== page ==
Using affective appraisal to help readers construct literary interpretations

Sarah Levine, William S Horton

Research output: Contribution to journalArticle


reading poems, short stories, and other literary texts, but are often unable to construct inferences and thematic interpretations of these works. This paper discusses the results of an instructional intervention built on an affect-based model of literary interpretation. Students in the intervention group spent four weeks reading and writing about popular and canonical texts, with a focus on poetry. As they read, they identified valence-laden language, made appraisals of valence, and then explained or justified their appraisals. Analyses of pre- and post-test results show that the intervention group made significant gains in the level of interpretive responses to poems compared to a control group of students who were not explicitly taught to engage in affective appraisal. This work sheds light on ways in which affect-based interpretive strategies can support novice readers’ interpretive practices.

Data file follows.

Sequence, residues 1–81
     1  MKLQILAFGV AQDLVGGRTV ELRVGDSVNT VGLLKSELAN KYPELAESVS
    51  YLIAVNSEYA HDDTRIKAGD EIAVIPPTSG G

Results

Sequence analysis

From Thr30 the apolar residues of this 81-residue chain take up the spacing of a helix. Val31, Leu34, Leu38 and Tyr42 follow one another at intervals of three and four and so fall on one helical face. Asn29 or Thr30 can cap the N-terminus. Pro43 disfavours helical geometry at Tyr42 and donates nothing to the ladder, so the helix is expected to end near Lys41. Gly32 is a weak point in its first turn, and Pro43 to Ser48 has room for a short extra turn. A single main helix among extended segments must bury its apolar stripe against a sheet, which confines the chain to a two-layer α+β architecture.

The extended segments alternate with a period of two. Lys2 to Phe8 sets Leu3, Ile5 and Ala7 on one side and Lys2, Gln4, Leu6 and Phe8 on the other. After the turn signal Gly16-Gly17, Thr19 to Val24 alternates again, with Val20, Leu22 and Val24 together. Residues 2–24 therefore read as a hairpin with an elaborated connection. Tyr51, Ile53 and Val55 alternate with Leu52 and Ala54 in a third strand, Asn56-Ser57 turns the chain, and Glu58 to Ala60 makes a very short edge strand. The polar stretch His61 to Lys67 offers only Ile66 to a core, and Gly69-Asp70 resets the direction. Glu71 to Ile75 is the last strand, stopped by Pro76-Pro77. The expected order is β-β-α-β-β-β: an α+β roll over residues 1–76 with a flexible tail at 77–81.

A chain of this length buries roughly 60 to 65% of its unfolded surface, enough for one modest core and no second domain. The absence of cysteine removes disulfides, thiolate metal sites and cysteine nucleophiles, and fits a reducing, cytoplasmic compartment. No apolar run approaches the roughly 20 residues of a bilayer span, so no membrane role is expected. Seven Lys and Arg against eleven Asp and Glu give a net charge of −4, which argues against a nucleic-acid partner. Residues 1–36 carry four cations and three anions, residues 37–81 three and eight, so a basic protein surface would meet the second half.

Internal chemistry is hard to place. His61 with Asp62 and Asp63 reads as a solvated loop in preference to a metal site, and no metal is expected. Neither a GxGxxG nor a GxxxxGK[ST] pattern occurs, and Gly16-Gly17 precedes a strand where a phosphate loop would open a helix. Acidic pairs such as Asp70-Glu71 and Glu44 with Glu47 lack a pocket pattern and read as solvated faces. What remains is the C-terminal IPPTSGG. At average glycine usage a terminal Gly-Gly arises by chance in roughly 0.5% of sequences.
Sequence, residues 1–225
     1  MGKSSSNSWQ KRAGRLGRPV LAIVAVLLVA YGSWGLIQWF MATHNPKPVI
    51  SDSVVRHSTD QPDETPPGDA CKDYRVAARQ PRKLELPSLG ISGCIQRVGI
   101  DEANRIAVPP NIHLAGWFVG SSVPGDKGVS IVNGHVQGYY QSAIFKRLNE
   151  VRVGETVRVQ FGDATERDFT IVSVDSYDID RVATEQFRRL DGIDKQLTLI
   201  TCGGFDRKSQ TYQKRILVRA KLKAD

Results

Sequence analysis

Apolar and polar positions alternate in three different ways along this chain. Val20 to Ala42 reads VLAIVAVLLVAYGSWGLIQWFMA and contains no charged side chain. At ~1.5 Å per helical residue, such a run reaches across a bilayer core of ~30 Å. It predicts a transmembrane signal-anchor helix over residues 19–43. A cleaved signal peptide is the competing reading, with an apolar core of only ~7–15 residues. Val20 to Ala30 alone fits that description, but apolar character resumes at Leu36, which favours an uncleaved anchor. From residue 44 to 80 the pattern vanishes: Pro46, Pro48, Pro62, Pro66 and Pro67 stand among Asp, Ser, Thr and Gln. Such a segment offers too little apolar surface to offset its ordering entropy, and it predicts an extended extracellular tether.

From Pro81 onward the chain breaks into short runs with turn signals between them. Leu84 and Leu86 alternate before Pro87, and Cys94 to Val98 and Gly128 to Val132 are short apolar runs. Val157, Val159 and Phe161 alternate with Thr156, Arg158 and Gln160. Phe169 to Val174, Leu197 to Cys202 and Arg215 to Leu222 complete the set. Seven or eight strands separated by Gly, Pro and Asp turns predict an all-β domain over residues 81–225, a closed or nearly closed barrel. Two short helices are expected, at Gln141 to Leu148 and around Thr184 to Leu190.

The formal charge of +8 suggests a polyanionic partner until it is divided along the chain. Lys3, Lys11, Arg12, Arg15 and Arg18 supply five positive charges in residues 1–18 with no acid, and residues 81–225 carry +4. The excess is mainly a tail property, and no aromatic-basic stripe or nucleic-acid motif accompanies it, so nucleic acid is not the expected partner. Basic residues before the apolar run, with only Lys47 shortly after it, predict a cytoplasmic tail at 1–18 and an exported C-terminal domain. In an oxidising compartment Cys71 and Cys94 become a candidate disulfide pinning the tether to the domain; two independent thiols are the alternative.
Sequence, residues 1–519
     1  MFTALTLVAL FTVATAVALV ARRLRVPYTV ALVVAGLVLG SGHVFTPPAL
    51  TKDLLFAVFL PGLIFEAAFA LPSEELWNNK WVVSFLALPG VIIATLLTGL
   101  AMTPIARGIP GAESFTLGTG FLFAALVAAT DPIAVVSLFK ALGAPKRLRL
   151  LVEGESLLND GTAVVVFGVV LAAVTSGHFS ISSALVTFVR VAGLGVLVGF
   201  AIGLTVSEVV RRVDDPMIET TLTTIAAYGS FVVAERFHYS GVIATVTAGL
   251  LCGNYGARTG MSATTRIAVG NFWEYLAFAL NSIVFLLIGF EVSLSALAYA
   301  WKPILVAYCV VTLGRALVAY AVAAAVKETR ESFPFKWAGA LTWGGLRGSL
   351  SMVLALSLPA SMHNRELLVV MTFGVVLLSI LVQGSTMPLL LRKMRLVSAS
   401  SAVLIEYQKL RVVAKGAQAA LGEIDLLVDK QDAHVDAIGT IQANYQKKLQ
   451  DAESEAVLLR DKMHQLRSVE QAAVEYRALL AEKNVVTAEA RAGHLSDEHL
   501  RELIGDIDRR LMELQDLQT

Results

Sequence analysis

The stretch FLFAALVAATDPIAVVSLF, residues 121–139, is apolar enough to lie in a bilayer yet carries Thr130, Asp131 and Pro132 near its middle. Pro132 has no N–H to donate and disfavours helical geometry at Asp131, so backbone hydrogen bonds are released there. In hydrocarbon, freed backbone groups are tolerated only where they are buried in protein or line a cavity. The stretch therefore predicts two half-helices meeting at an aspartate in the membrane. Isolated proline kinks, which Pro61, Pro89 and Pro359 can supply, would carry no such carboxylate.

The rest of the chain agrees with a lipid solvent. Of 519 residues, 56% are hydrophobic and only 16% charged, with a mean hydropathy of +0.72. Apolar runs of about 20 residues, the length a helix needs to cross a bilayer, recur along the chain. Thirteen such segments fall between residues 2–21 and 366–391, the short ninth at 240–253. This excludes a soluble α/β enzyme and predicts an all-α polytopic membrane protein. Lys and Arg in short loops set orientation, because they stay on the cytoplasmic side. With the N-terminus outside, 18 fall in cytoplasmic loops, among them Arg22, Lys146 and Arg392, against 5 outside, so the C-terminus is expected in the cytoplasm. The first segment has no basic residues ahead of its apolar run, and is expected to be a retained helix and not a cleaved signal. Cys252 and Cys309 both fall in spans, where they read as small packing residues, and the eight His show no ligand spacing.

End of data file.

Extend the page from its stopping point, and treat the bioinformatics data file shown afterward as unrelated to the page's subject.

Original languageEnglish (US)
Pages (from-to)105-136
Number of pages32
JournalThe Scientific Study of Literature
Issue number1
StatePublished - 2013


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